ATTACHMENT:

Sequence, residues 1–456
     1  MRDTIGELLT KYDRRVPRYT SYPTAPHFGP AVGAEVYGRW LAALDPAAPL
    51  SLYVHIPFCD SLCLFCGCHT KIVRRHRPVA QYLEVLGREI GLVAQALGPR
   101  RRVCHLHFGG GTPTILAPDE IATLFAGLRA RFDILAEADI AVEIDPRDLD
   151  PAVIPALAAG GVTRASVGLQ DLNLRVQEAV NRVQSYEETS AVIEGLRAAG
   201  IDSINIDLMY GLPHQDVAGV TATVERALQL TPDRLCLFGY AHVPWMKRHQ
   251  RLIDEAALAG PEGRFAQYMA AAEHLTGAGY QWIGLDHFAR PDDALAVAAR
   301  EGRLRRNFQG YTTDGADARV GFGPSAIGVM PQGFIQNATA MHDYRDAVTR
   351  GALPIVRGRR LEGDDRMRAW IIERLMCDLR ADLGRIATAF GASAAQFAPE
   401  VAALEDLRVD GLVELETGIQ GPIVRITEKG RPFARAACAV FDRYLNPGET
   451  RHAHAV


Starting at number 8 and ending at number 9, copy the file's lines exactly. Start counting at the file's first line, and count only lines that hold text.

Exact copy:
   301  EGRLRRNFQG YTTDGADARV GFGPSAIGVM PQGFIQNATA MHDYRDAVTR
   351  GALPIVRGRR LEGDDRMRAW IIERLMCDLR ADLGRIATAF GASAAQFAPE